Revealed: How a Shin Bet Mole Penetrated Top Hamas Ranks

This untold story is an object lesson on how the clandestine roles played by double or triple spies, moles and informers, affect major conflicts. It also shows how much family attachments mean to a functioning terrorist.
On Aug. 25, 2003, three missiles fired from an Israeli helicopter gunship killed four members of the armed wing of the Palestinian extremist Hamas organization in Gaza City. Witnesses, hearing deafening explosions, saw the missiles strike a group of men sitting near the beach.
The attack followed the Israeli chief of staff’s vow to hunt down the Palestinian terrorists and cut their leaders down.
One of the victims was Ahmad Shteiwi, 24, a senior officer in Hamas’ Ezz a-din al-Qassam armed wing. He was listed by Israeli security officials as the group’s operations chief and mastermind of terrorist attacks.
His brother Muhammad Shteiwi stepped into his shoes then and there.
Exactly eleven years later, on Aug. 19, 2014 – Day 44 of Israel’s Operation Protective Edge against Hamas in the Gaza Strip – the Israeli Air Force dropped six one-ton bombs on a multi-storied apartment building in the Sheikh Radwan district of Gaza City.
After the smoke cleared, the bombardment was found to have killed two relatives of Muhammed Deif, Hamas’ iconic military chief: Wadad Mustafa Harb Deif, aged 28, his wife and his 8-month old son Muhammad Diyab Deif, as well a rocket-man, Ahmad Ravah Dilo, aged 18 – who was no relation.

Deif survives seventh targeted assassination – barely

Muhammed Deif’s body was not found in the rubble of the building. He was presumed to have fled to safety in time to escape the Israeli bombardment. He has not been seen or heard of since. When asked what happened to him, Israeli security officials fall silent.
Shortly after the Israeli air raid, DEBKA Weekly of Aug. 20 quoted Israeli intelligence sources as concluding that their most wanted Palestinian terrorist target, Muhammad Deif, had got away. Like a cat, he had survived six former Israeli attempts on his life in the past 17 years and had managed to do so again.
But they wondered how he had managed it when his closest family was left to die.
The answer is simple. The first two Israeli bombs were duds. They did not explode, but they gave the master terrorist the tipoff to an ongoing air strike on his home. Confronted with the agonizing choice between saving himself or a hopeless attempt to save his family, he opted for the first.
By the time the rest of the bombs were dropped, Deif had reached safety. And so Israel’s military operation in the Gaza Strip last summer missed one of its primary objectives.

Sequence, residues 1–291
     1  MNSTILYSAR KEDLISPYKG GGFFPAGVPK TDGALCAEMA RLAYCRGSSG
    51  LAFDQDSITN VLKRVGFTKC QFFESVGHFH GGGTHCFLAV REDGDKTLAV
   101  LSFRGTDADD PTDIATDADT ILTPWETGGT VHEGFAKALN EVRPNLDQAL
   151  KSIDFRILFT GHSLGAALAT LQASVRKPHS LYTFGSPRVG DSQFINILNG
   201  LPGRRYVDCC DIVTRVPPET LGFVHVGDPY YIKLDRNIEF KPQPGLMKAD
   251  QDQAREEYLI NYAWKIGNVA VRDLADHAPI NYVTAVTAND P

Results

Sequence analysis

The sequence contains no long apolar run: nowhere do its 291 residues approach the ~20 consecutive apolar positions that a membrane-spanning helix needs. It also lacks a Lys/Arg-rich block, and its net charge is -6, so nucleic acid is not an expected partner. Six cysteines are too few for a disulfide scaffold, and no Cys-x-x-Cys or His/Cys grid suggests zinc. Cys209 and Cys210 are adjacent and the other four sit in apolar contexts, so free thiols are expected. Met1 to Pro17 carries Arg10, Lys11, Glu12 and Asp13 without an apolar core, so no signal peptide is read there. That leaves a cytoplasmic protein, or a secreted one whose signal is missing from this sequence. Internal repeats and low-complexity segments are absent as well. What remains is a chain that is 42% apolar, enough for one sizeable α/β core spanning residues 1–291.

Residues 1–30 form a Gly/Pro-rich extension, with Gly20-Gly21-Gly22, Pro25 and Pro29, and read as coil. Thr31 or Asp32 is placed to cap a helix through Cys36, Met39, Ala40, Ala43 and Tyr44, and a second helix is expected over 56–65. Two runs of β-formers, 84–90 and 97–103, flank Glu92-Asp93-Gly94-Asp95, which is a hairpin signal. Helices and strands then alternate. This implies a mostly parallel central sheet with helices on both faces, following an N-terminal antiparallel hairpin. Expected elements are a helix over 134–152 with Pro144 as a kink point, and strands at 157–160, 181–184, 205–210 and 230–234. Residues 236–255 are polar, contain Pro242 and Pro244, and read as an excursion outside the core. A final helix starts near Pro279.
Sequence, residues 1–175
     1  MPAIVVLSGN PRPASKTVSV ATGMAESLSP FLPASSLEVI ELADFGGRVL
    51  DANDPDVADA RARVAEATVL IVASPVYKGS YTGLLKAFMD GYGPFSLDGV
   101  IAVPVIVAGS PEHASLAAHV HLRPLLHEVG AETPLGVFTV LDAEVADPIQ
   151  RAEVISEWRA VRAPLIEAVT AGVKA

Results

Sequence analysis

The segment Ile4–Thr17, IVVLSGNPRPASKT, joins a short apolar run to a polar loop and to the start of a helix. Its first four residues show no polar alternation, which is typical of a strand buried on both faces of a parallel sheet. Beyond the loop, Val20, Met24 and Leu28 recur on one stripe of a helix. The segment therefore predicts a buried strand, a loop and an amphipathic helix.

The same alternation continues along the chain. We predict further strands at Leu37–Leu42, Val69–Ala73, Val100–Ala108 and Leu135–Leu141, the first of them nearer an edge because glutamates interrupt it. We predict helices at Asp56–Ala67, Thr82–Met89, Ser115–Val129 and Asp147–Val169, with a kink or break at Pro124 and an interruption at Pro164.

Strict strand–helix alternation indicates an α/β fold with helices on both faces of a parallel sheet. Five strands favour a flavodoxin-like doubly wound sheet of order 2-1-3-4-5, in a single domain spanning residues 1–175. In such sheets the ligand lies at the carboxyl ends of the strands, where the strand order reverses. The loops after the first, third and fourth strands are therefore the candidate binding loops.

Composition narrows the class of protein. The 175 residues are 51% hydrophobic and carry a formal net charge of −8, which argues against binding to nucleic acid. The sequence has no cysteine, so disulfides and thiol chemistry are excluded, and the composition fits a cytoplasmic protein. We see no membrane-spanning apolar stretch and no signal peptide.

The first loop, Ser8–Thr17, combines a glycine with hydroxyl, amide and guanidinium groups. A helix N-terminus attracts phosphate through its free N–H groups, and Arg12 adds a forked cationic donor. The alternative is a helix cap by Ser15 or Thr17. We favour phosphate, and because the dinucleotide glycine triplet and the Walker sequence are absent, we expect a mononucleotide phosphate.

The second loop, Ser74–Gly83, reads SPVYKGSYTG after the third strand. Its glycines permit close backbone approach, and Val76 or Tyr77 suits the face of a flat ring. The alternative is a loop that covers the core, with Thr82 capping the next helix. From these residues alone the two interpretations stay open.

The iconic Hamas chief was sold out by an insider

Deif and Hamas commanders, assisted by Iranian and Hizballah intelligence officers, probed tirelessly to locate the informer who gave the Israeli Shin Bet’s the exact address of the building and apartment occupied by the Deif family and told the Israeli spy agency that Deif would be there on the night of Aug. 18.
The investigation led them to Deif’s most loyal minion, Muhammad Shteiwi, who took over from his older brother Ahmad when he was killed in a previous Israeli targeted assassination eleven years earlier.
The younger Shteiwi had in the intervening years climbed up the terrorist organization’s military ladder. By the time the Israeli operation began in 2014, he was commander of the important Zeitoun Battalion with responsibility for defending the southern sectors of Gaza City.
What his Hamas bosses did not know was that Shteiwi also acted under cover as Muhammad Deif’s trusted henchman and performer of a variety of clandestine tasks and missions.
Deif trusted Shteiwi so implicitly that he asked him to arrange a hideout for him to get together with his family whom he had not seen since the onset of the Gaza war more than a month earlier.
Shteiwi accordingly ensconced Deif and his family in the Sheikh Radwan apartment.
No sooner had he settled them in their hideout, when Shteiwi donned his third hat. He sent a message to his Israeli Shin Bet handlers with an offer of their biggest intelligence scoop – Muhammed Deif.

The mole with three hats awaits Hamas execution

At first, Israeli intelligence officials were skeptical about their agent’s scoop. They had previous experience of his capricious, fickle nature which was combined with boundless avarice.
In once instance, they discovered in the middle of a long rocket blitz from the Gaza Strip that Shteiwi had sold rockets sent him for the attacks on Israel to Jihad Islami rocket teams. From this transaction, he benefited twice, earning a substantial sum in cash while at the same time disavowing responsibility for sending rockets against Israel.
The Shin Bet therefore suspected that either Shteiwi was up to one of his tricks or that Hamas was using him to set a trap.
Nonetheless, they passed the information to the highest officials in command of the war operation – Prime Minster Binyamin Netanyahu and Defense Minister Moshe Ya’alon.
They decided to take it on faith and approved an air bombardment of the apartment building which the Hamas informant had identified as the Deif family hideout.
At the end of this murky episode, both the wanted master terrorist and his betrayer were still alive.
Shteiwi is languishing in a Hamas prison waiting for execution. Gaza’s rulers hesitate to carry out the death sentence, because it would be an admission that the highest-ranking officer of Hamas’ armed wing was a traitor and Zionist mole.
Deif has gone back to the shadows. He lives in hiding and on the run, fearing that Israel’s next attempt on his life would bring to an end his run of luck.

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